Houston Youth Digging in to Protect their Communities from Flooding

What does the health of my watershed have to do with resilience to climate change? 

The National Wildlife Federation’s Student Climate Resilience Ambassadors (SCRA) are Houston high school students who use a project-based learning approach to answer this question and to take action to protect their schools and communities from flooding.

Empowering students to analyze their campus and make decisions that directly impacted our campus was truly rewarding. Students loved assessing their campus and then choosing a type of project and location to minimize flooding. Students asked, “Are we really going to build this on our campus?!?!” Because of this program, I could say YES! The students really felt like they had ownership over the program and several students said it was their favorite project all year.

Jess Merino, Former Teacher, Energy Institute High School
Students from Energy Institute conduct water quality testing on Brays Bayou

Severe weather events, like the crippling flooding caused by Hurricane Harvey, put a spotlight on the enormous climate resilience challenges facing the city of Houston where even three inches of rainfall can overwhelm the drainage systems and contribute to flooding. The heaviest destruction in these types of disasters is typically borne by the most vulnerable communities. The economic and emotional hardship of families in Houston Independent School District (HISD), where 78% of the student population are economically disadvantaged and 88% are people of color, was huge. The SCRA program was developed to help address these challenges. 

The National Wildlife Federation is working closely with our local Houston partners including Houston Parks and Recreation Department, Galveston Bay Foundation, the Student Conservation Association, and TBG Partners Houston to help Houston youth understand how a changing climate, severe weather events, watershed health, and existing infrastructure contribute to flooding and polluted water in their community. 

Along with the National Wildlife Federation’s watershed audit, students use various mapping tools such as National Oceanic and Atmospheric Administration’s (NOAA) coastal flood exposure mapper, Harris County flood maps, and critical thinking skills to investigate storm resilience problems facing Houston. 

They learn about the impact of those issues on vulnerable populations and water quality and design and implement nature-based, practical solutions to help mitigate flooding on their school campus. These projects include rain gardens, pocket prairies, and bioswales – designs that can be replicated by communities.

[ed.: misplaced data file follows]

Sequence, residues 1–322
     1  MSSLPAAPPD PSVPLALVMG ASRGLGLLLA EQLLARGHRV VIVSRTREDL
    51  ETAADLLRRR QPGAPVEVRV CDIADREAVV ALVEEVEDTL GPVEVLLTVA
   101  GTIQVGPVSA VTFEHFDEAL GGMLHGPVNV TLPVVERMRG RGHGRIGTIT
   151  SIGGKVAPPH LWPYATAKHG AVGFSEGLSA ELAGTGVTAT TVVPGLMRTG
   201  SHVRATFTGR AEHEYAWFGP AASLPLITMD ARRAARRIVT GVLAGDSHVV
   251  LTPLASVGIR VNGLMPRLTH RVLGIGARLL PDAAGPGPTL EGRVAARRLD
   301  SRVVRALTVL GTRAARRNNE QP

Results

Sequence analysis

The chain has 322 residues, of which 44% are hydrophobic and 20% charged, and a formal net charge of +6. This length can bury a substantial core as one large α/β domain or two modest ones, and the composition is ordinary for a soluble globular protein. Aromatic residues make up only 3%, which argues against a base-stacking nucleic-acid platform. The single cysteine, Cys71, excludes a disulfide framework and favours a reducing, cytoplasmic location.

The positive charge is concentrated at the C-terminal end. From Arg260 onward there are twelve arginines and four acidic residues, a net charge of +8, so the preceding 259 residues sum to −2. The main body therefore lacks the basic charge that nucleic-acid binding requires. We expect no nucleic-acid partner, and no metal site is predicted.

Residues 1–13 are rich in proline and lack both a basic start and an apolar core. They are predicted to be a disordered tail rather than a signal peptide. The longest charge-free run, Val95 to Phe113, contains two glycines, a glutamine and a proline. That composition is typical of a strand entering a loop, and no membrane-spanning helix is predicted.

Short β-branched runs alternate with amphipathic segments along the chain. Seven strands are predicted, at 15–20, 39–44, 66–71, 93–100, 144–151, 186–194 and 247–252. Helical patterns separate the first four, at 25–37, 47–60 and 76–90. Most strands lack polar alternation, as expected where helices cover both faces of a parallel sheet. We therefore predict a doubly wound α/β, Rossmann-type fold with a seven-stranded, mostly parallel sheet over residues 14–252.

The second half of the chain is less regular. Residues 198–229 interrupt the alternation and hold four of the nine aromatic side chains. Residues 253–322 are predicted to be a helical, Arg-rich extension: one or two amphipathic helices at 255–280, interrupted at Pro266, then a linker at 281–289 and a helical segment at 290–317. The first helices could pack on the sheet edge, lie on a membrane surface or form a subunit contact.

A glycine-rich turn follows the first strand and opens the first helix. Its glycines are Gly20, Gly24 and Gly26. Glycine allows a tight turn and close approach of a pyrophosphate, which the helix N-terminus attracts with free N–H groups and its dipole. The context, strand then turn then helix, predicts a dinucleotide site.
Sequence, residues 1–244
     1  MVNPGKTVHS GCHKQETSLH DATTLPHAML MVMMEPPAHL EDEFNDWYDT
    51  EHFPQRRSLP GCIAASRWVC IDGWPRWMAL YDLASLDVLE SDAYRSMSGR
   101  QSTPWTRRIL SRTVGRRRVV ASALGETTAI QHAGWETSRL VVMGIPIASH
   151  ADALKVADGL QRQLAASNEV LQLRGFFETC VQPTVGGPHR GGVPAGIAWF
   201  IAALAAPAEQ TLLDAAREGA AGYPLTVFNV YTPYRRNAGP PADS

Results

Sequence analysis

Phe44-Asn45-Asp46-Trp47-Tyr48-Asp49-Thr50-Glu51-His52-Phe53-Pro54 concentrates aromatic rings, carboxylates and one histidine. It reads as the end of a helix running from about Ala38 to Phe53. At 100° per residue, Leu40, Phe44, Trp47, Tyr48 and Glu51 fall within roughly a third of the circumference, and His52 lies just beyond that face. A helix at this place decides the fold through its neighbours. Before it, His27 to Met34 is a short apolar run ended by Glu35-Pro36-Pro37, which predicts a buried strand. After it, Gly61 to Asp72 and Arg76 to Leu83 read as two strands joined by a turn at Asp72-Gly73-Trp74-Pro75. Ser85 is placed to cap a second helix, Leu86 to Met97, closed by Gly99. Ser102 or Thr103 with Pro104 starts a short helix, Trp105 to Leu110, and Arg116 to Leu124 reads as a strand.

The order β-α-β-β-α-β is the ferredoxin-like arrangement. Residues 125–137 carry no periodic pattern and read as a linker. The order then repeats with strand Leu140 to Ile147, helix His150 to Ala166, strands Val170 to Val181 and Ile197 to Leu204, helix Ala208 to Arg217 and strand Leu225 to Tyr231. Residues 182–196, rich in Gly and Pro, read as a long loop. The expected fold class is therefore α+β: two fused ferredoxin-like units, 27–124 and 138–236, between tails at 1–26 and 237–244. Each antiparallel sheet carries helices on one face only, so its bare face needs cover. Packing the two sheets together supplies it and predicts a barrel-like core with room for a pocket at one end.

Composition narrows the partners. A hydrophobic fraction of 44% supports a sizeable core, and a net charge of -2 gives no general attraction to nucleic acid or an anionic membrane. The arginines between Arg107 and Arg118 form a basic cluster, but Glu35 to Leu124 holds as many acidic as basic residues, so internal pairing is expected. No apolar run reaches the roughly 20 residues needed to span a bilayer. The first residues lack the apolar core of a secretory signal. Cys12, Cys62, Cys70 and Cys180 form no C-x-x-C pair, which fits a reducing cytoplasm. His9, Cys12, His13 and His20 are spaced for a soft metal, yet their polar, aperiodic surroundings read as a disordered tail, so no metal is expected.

Slide
rain garden informational slide
Slide
Slide
previous arrow
next arrow

Students also participate in a tree planting or prairie planting at a community action day by a local bayou which helps them see how the work they are doing on their campus is contributing to Houston’s resilience strategy. 

The most rewarding thing about the SCRA program was learning about Houston’s resiliency plans and being able to equip students with the appropriate knowledge and vocabulary so they may engage in dialogue about their community. 

Talia Camacho. Teacher, Northside High School

Student Climate Resilience Ambassadors also learn that an important part of watershed stewardship is understanding how watersheds are connected and how the actions we take in one watershed impact other watersheds and ecosystems downstream, specifically Galveston Bay. Galveston Bay is Texas’s largest and most productive estuary where fresh water from the Trinity and San Jacinto rivers and the extensive bayous and creeks of the Houston-Galveston region mix with the saltwater of the Gulf of Mexico.

The Student Climate Resilience Ambassadors program was originally funded by the EPA, with additional funding from H-E-B, the Alkek Foundation, the Duncan Fund and the Powell Foundation. In its third year now, the SCRA program has engaged 12 secondary schools in Houston ISD.

Impact by numbers

800 students and 30 teachers; 

7 campus resilience projects

1 pocket prairie | 4 rain gardens | 2 bioswales

 6 community action days along 3.5 acres of Sims, Buffalo, and Greens Bayous

3,500 native prairie plants | 500 native trees

Learn more about NWF’s work in Houston! Watch this video to see an example of a student team from Cesar Chavez High School pitching their climate resilience design solution at the National Wildlife Federation’s First Houston Resilience Design Challenge and Youth Leadership Summit held in October of 2021. To learn more about the National Wildlife Federation’s education program in the South Central Region click here.

Comments are closed.

National Wildlife Federation is a 501(c)(3) non-profit organization
PO Box 1583, Merrifield VA 22116-1583 1-800-822-9919
Privacy Policy | Terms of Use

Protect Wildlife